Aaron from CampHire, a recruiting start-up for summer camps, started our last coaching session with a really interesting hypothesis. His idea was he could hire more experienced team members for higher salaries. Although this move would come at a higher initial cost, he believed it would actually save money because the new employees would be able to work more efficiently. While my instinct in these situations is to experiment and find what works, I knew the time and expenses of hiring would not be worth it. So, I suggested Aaron try a different approach.
Our goal was to understand the potential impact this employee change could have on the business. For that, we turned to our financial projection. We had recently updated CampHire’s 12-month and 5-year financial projections as part of our annual planning process. Variables like year-over-year growth, employee salaries, and marketing expenses are all modeled using a table of adjustable inputs so it’s easy to understand cause and effect. We also try to incorporate as many real-world measurements into our projection.
After determining the cost per placement, we projected 75% growth from year 1 to year 2. Since we already knew Aaron’s employee expense per placement and projected placements, we could estimate his total year 2 employee expense for placements. This same method is used to project the cost and overall profitability of the business in year 5 in our 5-year financial projection.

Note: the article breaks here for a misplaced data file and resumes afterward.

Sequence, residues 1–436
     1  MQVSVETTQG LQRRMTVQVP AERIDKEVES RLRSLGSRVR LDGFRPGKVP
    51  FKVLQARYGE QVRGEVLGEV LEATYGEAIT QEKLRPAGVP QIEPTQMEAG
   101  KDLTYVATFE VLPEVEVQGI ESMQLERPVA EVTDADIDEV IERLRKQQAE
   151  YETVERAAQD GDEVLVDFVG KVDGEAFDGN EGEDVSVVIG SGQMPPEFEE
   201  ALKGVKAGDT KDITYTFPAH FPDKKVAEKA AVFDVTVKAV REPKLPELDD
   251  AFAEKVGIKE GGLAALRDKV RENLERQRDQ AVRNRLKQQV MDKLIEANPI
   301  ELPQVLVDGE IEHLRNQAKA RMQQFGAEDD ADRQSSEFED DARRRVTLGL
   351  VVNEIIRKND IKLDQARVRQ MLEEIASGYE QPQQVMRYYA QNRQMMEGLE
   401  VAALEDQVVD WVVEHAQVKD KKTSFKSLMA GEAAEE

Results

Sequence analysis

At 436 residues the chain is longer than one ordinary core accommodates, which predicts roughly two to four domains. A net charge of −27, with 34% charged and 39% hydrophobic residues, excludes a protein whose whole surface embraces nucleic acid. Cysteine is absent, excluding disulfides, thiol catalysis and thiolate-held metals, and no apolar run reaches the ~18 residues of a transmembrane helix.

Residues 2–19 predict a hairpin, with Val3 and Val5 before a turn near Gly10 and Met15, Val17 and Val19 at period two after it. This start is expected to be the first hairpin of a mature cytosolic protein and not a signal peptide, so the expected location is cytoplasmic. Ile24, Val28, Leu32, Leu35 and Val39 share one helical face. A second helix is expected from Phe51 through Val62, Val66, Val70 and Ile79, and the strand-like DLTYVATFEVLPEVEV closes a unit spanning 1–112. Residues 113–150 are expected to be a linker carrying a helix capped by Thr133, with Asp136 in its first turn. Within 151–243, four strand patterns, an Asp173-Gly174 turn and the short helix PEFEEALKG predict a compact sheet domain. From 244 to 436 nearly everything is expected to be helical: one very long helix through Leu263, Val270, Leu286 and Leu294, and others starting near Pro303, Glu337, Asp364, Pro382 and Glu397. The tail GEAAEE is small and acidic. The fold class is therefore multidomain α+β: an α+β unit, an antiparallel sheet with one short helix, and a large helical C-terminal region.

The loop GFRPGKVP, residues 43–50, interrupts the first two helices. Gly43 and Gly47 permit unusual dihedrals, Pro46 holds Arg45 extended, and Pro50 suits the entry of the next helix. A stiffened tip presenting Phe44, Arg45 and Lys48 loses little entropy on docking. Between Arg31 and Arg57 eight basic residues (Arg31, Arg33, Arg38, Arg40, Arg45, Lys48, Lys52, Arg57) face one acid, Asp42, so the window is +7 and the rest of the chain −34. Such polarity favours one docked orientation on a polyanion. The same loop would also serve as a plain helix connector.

If we adjust our model by raising the hourly cost and reducing the hours, we can understand how those changes impact our profitability in year 1 and year 5. By making this change, we could project a 3% increase in profitability in the business. Not bad, but also not a large enough impact to warrant the change.
We tried modeling if we hired both the higher and lower cost employees to increase the number of placements. We used the founder time to increase the number of camps we would recruit for. This resulted in a 33% increase in profitability in year 1 and a 50% increase in profitability in year 5. This option could potentially accelerate the business for years to come.
Financial projections help start-ups look ahead to the future of their business and understand the key drivers of performance. In cases like this, they can also be used to make informed decisions to focus efforts on high-impact activities that accelerate your growth. For Aaron, running these financial projections helped him make the most profitable decision for his company.